The Irish Banking Federation’s (IBF) latest Mortgage Market Profile shows that €820m of mortgage lending was completed during Q214 up from €568m in Q114 (44.4% growth) and €518m in Q213 (58.3% growth). First time buyers (€396m; 48.3%) and movers (€358m; 43.7%) continued to account for the majority of lending during the period. With a total of 4,803 mortgages drawn down in Q214, the average loan value was €170,727 €160,421 in Q213. Combined with Q114’s outturn, the Irish mortup from €165,839 in Q114 and gage market totalled €1,388m in H114 since 2010. the strongest H1 Drawdowns of €1,388m in H114 compare to €1,998m of approvals over the same period, highlighting the still between the two (exacerbated by supply shortages in certain parts of thwide gap e country) but suggesting that lending volumes will continue to improve over the remainder of the year (as outstanding approvals are converted into drawdowns). We note that approvals were particularly strong in Q214 (€1,217m), with each month representing series (dating back to January 2011). the thenstrongest outturn in the Given the trends outlined above and the fact that H2 is a seasonally stronger period than H1, the Irish mortgage market looks on course to break €3bn this year, after averaging €2.5bn p.a. over the last three years. Activity is clearly building but with estimates of a normalised market typically ranging between €8bn and €10bn p.a., there remains significant capacity for growth. For Bank of Ireland, which had a c.30% market share in H11 lend c.€12bn to Irish homeowners and consumers over 20134 (€410m originated) and is aiming to 17, such growth would boost top line growth at attractive margins (average SVR of 4.5% vs. 1.15% cost of funds)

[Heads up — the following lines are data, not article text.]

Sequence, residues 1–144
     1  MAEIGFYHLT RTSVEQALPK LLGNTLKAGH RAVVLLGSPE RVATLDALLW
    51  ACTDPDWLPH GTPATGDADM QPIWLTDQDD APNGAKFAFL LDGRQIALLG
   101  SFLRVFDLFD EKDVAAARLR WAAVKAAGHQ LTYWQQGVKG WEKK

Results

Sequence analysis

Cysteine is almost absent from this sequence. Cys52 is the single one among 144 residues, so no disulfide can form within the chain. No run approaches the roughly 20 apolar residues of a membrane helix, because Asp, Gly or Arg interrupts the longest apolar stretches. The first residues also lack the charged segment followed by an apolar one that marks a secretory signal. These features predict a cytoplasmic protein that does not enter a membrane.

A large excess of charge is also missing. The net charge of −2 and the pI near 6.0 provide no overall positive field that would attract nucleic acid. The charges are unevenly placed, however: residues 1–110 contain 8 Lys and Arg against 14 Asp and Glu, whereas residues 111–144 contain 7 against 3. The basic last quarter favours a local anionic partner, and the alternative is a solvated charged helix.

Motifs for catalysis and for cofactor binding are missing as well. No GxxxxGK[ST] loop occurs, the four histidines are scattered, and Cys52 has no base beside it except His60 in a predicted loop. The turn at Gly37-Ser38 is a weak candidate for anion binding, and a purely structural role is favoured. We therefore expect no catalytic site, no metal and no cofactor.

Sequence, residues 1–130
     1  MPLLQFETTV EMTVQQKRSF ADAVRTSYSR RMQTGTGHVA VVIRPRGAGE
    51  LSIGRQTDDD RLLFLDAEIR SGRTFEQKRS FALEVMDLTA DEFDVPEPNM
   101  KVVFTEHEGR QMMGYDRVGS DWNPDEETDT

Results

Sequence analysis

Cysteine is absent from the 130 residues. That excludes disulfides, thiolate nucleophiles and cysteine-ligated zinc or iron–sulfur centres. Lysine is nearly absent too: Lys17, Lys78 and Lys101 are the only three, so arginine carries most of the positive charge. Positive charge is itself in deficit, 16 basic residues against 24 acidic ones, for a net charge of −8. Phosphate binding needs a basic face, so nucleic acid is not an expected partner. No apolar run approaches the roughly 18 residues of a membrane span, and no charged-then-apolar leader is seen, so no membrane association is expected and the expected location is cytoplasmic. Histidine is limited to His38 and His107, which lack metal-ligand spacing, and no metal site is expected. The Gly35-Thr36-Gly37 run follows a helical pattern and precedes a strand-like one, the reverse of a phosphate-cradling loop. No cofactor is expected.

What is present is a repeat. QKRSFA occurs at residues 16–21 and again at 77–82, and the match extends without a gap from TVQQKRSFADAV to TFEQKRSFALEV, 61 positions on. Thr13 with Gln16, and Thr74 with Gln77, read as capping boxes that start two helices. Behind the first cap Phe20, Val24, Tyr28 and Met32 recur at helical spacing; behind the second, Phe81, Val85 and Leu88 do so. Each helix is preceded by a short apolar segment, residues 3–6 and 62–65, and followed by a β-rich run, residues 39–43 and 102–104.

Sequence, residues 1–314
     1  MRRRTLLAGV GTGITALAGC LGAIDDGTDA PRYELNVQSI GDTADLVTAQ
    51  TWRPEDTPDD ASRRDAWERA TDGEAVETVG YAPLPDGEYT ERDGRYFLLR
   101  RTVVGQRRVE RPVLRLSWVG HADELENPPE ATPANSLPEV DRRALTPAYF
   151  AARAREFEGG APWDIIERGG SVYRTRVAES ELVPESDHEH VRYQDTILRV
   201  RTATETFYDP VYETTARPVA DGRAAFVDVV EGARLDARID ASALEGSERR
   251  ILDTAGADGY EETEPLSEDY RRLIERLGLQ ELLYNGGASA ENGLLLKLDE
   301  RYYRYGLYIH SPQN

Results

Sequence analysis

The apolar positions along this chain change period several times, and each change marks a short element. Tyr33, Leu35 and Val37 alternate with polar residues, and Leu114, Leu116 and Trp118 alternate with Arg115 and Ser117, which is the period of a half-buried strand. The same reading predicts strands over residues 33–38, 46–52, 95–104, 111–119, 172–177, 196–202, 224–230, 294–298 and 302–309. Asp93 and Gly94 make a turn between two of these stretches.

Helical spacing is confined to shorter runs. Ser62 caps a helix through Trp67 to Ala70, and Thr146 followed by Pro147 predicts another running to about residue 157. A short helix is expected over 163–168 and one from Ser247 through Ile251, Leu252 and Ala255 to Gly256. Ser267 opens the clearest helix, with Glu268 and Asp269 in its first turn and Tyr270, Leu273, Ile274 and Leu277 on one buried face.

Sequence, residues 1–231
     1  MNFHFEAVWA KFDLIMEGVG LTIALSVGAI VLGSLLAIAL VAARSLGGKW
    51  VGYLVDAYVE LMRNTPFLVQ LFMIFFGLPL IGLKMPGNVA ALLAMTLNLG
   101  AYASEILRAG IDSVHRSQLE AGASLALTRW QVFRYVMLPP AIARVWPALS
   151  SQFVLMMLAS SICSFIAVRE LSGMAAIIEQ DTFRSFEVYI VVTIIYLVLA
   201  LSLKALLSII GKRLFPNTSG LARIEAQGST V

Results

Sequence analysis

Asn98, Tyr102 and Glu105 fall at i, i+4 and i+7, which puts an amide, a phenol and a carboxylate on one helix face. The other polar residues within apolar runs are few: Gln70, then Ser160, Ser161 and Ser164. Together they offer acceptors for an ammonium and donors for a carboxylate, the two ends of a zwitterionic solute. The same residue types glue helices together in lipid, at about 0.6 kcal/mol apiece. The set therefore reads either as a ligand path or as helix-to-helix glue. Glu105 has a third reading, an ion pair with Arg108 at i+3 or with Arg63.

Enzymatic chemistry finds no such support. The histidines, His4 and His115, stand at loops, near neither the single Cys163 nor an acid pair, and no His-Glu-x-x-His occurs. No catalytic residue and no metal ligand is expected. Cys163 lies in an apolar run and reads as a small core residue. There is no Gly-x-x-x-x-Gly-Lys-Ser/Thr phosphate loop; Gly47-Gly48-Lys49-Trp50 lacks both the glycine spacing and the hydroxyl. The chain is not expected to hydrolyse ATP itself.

"We reiterate our BUY recommendation and maintain our target price of €0.35 based on 2017 DCF projections. We also believe the bank will pay a 1c dividend in 2016, and we have increased our 2017 projected dividend to 2c from 1c."
Thats the first call on a dividend I've seen. Interesting.
Although these are the guys who recommended that their clients buy an Australian oil share exploring off the coast of Kenya which turned out to be a complete dog.
I had RBS shares when they decided to divide by 10. Didn't really make any difference except it p*ssed me off that they had the cheek to round down in the conversion, with no compensation of any kind. If this looks like it's going to occur make sure you have a nice round number for it to divide into.
However, I think. no inverted share split would be considered until the Goverment Percentage is sold. Could you imagine the publics reaction to the number of shares being reduced, The non clued in majority of the population would see it as a big fiddlle by tyhe banks to reduce what they pay for getting rid of the goverment. The goverment in power would not look good to Joe Soap. I do appreciate it would acctually make no difference but perception is everything
Gelboy, so your strategy is hold until 2020. So what's with all the gloom? If you see no upside, cash in your 34% gains and buy a nice mixed basket of corporate and government bonds AAA quality and churn 4-5% per annum until your much desired retirement.
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